The Pike’s Peak Gold Rush of 1858 carried a new wave of gold seekers to Colorado, as did the discovery of the Comstock Lode in Nevada in 1859. The Boomtowns that sprang up across the West were characterized by saloons, brothels, and violence. As surface gold diminished, corporations took over mining operations, transforming miners into laborers. Women found opportunities in the frontier, contributing to the region’s unique history. The mining industry played a vital role in financing the Civil War and shaping American politics, leaving behind a rich legacy in folklore and literature.

5.1 — Pike’s Peak Gold Rush

  • The conquest of Native American lands and the advent of the railroad significantly benefited the mining frontier. California continued to yield profitable gold deposits, attracting gold miners seeking “pay dirt.”
  • In 1858, a momentous discovery in Colorado ignited a rush of eager “fifty-niners” or “Pike’s Peakers” who ventured westward to mine the Rockies. However, the number of miners exceeded the abundance of minerals, and many returned with their wagons inscribed with the phrase “Pike’s Peak or Bust,” only to add “Busted, by Gosh” upon their weary return.
  • Nevertheless, numerous fortune seekers remained in the region, some extracting silver deposits and others reaping non-metallic wealth in the form of grain.

5.2 — Comstock Lode

  • In 1859, a wave of “Fifty-Niners” descended upon Nevada after the remarkable discovery of the Comstock Lode. The “Kings of the Comstock” mined an astonishing amount of gold and silver, valued at over $340 million, from 1860 to 1890.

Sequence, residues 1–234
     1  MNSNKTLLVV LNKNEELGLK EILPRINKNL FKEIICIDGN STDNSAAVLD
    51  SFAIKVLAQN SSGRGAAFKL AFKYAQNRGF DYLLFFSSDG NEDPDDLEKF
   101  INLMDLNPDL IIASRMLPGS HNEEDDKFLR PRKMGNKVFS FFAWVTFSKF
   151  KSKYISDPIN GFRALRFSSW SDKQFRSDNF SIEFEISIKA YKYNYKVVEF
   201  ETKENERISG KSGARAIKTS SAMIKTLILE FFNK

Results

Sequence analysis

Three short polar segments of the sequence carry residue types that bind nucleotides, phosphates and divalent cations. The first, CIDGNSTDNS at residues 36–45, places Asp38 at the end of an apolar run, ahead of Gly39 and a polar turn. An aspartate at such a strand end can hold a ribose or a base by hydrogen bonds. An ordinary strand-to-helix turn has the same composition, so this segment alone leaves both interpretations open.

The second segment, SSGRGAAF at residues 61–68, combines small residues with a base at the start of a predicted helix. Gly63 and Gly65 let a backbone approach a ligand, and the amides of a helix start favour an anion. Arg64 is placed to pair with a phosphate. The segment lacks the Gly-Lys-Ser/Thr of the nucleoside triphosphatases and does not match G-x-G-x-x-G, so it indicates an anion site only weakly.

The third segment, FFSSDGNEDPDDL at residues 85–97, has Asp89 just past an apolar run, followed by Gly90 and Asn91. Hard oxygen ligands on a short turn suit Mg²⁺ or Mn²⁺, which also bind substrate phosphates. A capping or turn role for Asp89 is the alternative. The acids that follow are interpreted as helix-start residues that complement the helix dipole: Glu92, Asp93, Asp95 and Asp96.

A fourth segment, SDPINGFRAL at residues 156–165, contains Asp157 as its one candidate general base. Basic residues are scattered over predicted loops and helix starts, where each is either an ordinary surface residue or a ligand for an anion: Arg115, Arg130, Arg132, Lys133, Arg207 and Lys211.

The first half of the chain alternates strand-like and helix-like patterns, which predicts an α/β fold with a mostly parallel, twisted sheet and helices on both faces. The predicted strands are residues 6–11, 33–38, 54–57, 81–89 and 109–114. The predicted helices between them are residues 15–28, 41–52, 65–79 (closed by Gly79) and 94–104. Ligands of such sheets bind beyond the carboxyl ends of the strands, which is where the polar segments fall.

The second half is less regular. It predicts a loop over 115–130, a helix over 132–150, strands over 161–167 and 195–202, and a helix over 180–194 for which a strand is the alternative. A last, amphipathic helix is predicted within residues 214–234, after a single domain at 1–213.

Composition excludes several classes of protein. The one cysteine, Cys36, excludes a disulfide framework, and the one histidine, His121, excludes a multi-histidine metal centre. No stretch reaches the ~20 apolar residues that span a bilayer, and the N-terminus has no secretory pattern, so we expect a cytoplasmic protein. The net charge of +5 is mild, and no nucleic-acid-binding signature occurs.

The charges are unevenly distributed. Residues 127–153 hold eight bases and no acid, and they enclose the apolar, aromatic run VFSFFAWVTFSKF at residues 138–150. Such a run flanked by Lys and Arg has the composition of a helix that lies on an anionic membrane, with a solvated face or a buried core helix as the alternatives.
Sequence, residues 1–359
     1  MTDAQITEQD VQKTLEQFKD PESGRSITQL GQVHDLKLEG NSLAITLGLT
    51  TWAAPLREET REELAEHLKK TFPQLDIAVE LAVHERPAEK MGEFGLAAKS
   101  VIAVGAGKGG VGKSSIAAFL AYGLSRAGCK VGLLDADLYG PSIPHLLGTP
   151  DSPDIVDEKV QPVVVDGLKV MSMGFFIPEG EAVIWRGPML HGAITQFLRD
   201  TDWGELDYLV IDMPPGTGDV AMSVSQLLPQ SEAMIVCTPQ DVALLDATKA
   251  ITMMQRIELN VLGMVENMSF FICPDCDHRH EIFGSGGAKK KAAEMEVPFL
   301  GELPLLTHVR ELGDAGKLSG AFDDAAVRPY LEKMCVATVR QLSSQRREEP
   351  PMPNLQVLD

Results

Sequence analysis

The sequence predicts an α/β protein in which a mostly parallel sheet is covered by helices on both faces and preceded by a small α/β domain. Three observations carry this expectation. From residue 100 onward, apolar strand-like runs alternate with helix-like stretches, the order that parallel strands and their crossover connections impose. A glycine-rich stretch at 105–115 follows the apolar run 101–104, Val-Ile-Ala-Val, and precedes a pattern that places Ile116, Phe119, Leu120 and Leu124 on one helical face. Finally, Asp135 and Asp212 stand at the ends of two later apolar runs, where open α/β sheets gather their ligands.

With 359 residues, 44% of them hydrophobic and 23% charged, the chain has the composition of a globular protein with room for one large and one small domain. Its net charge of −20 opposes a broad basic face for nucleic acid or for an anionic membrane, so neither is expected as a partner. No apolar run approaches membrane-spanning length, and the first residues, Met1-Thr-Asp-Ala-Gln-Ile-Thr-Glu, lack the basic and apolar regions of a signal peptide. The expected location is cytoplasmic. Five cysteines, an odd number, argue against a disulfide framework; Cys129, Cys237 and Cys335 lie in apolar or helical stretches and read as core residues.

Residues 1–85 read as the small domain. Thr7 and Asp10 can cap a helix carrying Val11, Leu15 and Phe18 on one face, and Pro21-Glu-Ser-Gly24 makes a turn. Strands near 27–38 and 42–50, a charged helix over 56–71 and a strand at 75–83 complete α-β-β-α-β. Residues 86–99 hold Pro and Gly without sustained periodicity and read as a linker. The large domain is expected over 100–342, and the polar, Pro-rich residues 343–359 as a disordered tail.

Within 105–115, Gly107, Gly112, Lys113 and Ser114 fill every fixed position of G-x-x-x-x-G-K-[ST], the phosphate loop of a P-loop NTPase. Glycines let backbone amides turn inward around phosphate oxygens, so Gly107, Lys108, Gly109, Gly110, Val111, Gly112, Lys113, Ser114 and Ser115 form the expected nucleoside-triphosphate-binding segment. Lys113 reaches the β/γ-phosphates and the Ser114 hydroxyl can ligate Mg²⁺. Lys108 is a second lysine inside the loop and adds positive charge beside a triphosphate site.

• To secure three electoral votes for President Lincoln, the thinly populated state of Nevada, often called the “Child of the Comstock Lode,” was hurriedly admitted to the Union in 1864.

5.3 — Boomtowns on the Frontier

  • Smaller “lucky strikes” enticed gold and silver seekers into Montana, Idaho, and various other western states.
  • Boomtowns, commonly referred to as “Helldorados,” sprang up seemingly overnight in the desert. Saloons were a frequent sight, with miners consuming adulterated liquor known as “rotgut” while being accompanied by accommodating women.
  • To maintain a semblance of order, these towns often relied on lynch law and vigilante justice, reminiscent of early California.
  • As the mining opportunities dwindled, gold-seekers would depart, leaving behind picturesque “ghost towns” like Virginia City, Nevada, set against the desert landscape. These towns began with a boom but ultimately faded into obscurity.
Deadwood, South Dakota, Boomtown, American West, Photograph
Deadwood, South Dakota was a boomtown. Image Source: New York Public Library Digital Collections.

5.4 — Rise of the Mining Industry